On Global Wind Day, June 15,2021, an international policy network REN21 presented its annual Renewables 2021 Global Status Report, which is an annual stock-take of the global transition to renewable energy.

2020 could have been a gamechanger. Economies worldwide were ravaged by the COVID-19 pandemic. Primary energy demand fell by 4%, resulting in a 5.8% drop in global energy-related carbon dioxide (CO2) emissions – the largest percentage decrease since World War II. But even with this historic decline, G20 countries, the planet’s biggest polluters, barely met or even missed their renewable energy targets. But the benefits of renewables in terms of health, climate and job creation are indisputable. REN21’s Renewables 2021 Global Status Report shows that we are nowhere near the necessary paradigm shift towards a clean, healthier and more equitable energy future.

The power sector has made great progress already. Almost all new power capacities commissioned in 2020 is renewable. More than 256 GW were added globally last year, the largest ever increase, of which a record 93 GW of wind power capacity - including more than 86.9 GW onshore, the highest yet, and nearly 6.1 GW offshore. Continuing a trend dating back to 2012, net additions of renewable power generation capacity outpaced net installations of both fossil fuel and nuclear power capacity combined. In more and more regions, including parts of China, the EU, India and the United States, it is now cheaper to build new wind or solar PV plants than to operate existing coal-fired power plants. This progress could and should be replicated in all other sectors.

Though renewable energy reached a record share in 2020 – an estimated 29% of the global electricity mix. In turn, the share of fossil fuels in the total energy mix remains as high as a decade ago (80.3% vs. 80.2% today) and has not decreased for 10th consecutive year.

COVID-19 economic recovery packages include significant spending to stimulate further investment in renewables. Around 7% of the USD 732.5 billion total announced by 31 governments to support all types of energy was allocated directly to policies favoring the production or consumption of renewables. On the other hand, recovery packages pour money into the brown economy despite advantages of renewables, as renewable energy investments in COVID-19 recovery packages were nearly six times less than those for fossil fuels.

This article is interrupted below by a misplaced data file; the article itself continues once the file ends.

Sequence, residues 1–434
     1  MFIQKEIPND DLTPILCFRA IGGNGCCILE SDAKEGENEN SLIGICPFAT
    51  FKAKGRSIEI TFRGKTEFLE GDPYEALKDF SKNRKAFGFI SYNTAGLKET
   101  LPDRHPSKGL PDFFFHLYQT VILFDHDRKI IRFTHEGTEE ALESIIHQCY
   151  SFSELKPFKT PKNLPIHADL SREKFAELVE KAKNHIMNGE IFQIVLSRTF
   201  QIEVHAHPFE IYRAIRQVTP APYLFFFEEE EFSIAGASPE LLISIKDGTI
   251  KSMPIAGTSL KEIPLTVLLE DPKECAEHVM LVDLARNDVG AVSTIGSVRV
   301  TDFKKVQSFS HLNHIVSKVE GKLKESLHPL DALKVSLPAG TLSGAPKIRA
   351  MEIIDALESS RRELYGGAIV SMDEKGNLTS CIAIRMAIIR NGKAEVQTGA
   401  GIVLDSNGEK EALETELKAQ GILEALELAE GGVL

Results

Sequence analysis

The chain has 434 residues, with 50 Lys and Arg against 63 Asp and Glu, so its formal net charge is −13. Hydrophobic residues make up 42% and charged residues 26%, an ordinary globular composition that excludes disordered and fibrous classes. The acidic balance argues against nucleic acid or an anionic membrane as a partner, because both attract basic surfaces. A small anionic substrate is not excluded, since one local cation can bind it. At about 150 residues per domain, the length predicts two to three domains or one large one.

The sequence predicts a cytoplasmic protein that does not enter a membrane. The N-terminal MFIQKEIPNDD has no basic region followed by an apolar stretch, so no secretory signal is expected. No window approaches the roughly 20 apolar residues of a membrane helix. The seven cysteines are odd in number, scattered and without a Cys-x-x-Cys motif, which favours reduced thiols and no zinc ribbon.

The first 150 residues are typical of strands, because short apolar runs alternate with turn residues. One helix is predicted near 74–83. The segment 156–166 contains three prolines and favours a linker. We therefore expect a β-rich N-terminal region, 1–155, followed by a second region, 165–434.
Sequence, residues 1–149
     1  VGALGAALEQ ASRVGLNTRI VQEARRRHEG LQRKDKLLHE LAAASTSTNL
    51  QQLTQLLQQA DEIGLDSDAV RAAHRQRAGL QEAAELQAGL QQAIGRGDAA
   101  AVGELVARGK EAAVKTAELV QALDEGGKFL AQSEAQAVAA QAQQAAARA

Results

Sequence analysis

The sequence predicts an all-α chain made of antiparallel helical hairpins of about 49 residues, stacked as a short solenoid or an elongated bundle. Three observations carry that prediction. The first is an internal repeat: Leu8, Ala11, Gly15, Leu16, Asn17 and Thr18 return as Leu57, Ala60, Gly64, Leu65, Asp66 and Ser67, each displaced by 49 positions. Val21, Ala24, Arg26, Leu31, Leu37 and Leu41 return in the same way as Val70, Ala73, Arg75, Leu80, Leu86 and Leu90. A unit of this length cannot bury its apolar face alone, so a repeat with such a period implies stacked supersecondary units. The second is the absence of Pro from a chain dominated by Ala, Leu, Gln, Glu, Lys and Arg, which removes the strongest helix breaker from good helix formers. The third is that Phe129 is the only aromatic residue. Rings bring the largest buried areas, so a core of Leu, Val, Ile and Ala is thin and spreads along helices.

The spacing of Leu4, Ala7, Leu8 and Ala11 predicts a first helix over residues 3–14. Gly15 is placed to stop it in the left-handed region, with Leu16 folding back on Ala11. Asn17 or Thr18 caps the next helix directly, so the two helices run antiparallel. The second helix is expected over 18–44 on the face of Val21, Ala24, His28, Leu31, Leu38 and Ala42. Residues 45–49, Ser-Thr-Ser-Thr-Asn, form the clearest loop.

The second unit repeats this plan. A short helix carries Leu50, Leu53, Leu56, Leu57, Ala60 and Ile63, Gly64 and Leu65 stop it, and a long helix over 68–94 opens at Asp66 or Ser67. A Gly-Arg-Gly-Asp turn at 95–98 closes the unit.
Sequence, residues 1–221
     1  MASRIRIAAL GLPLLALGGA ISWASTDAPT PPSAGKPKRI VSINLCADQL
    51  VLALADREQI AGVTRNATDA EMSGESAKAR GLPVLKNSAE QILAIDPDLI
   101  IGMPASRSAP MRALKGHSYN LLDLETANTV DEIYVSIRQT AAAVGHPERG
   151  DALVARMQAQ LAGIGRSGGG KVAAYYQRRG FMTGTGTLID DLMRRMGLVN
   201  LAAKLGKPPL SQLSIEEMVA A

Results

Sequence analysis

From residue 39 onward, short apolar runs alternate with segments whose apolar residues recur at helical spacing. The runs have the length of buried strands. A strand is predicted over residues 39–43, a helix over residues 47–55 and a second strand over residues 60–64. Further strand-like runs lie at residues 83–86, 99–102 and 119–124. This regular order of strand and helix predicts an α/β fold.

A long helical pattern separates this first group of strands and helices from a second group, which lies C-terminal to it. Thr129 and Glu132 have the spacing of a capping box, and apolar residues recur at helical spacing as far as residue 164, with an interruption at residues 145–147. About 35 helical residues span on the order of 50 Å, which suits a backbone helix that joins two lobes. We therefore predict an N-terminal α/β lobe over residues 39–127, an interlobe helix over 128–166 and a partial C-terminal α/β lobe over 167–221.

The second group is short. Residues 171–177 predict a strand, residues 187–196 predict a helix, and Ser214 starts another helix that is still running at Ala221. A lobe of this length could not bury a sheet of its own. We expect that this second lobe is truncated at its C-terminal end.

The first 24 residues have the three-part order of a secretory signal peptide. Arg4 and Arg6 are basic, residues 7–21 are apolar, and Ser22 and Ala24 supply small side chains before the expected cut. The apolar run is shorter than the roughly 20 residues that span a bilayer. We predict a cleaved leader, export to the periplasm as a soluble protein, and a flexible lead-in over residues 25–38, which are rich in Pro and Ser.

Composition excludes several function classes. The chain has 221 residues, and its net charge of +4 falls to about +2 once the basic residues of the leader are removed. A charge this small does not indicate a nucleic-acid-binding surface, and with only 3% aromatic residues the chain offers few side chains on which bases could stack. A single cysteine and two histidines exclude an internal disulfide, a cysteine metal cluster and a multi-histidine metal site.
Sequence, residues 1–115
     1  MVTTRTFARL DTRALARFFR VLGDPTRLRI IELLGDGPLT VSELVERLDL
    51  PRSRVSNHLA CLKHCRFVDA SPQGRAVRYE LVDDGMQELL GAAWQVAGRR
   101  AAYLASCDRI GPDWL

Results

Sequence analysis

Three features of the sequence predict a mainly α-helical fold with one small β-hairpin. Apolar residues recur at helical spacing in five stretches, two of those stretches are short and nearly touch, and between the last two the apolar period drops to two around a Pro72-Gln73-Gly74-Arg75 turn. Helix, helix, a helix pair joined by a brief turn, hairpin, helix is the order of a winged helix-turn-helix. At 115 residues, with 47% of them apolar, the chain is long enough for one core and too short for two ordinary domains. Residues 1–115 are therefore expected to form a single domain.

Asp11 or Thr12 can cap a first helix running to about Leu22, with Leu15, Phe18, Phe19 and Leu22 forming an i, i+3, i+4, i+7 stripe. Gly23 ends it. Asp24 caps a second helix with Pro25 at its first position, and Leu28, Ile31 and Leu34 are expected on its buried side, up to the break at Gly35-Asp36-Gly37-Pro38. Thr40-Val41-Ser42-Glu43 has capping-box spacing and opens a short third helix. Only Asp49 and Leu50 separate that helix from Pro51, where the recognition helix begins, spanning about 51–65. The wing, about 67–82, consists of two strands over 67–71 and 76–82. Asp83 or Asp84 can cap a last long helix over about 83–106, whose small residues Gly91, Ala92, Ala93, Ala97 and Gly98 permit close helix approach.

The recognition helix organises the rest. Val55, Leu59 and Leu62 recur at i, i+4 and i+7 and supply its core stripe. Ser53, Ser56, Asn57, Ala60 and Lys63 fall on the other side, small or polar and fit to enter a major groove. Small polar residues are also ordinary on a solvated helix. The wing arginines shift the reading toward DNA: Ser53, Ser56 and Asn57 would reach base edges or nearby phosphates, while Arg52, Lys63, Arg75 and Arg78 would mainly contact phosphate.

Shifting to renewable energy is not only necessary and possible, but it also makes business sense. Global new investment in renewable power and fuels (without hydropower projects larger than 50 MW) totaled USD 303.5 billion in 2020 up 2% from 2019. Such investments continued to focus on wind and solar power, with solar representing nearly half of global renewable energy investment in 2020, at USD 148.6 billion (up 12%), though except solar power, Investments fell in all renewable technologies with wind power falling 6% to USD 142.7 billion (47% of the total).

Moreover, from the second half of 2019 to the same period in 2020, the global benchmark levelized cost of energy (LCOE) from new wind power projects fell 17% onshore (to an average USD 41 per MWh) and 1% offshore (USD 79 per MWh). As a result, global capital expenditures committed to offshore wind power in 2020 surpassed investments in offshore oil and gas.

REN21’s 2021 report clearly shows that governments need to give a much harder push to renewables in all sectors. The window of opportunity is closing unless efforts are significantly ramped up, and it will not be easy to do.

Governments must not only provide greater support for renewables but also decommission fossil fuel capacity. A good way to accelerate development is to make the uptake of renewable energy a key performance indicator for every economic activity, every budget and every single public purchase. Thus, every ministry should have short- and long-term targets and plans to shift to renewable energy coupled with clear end-dates for fossil fuels,” says Rana Adib, REN21’s Executive Director.

For many years already the Ukrainian Wind Energy Association has been one of the country contributors to the Report REN 21, providing information on RES development in Ukraine.

Full report: Renewables Global Status Report - REN21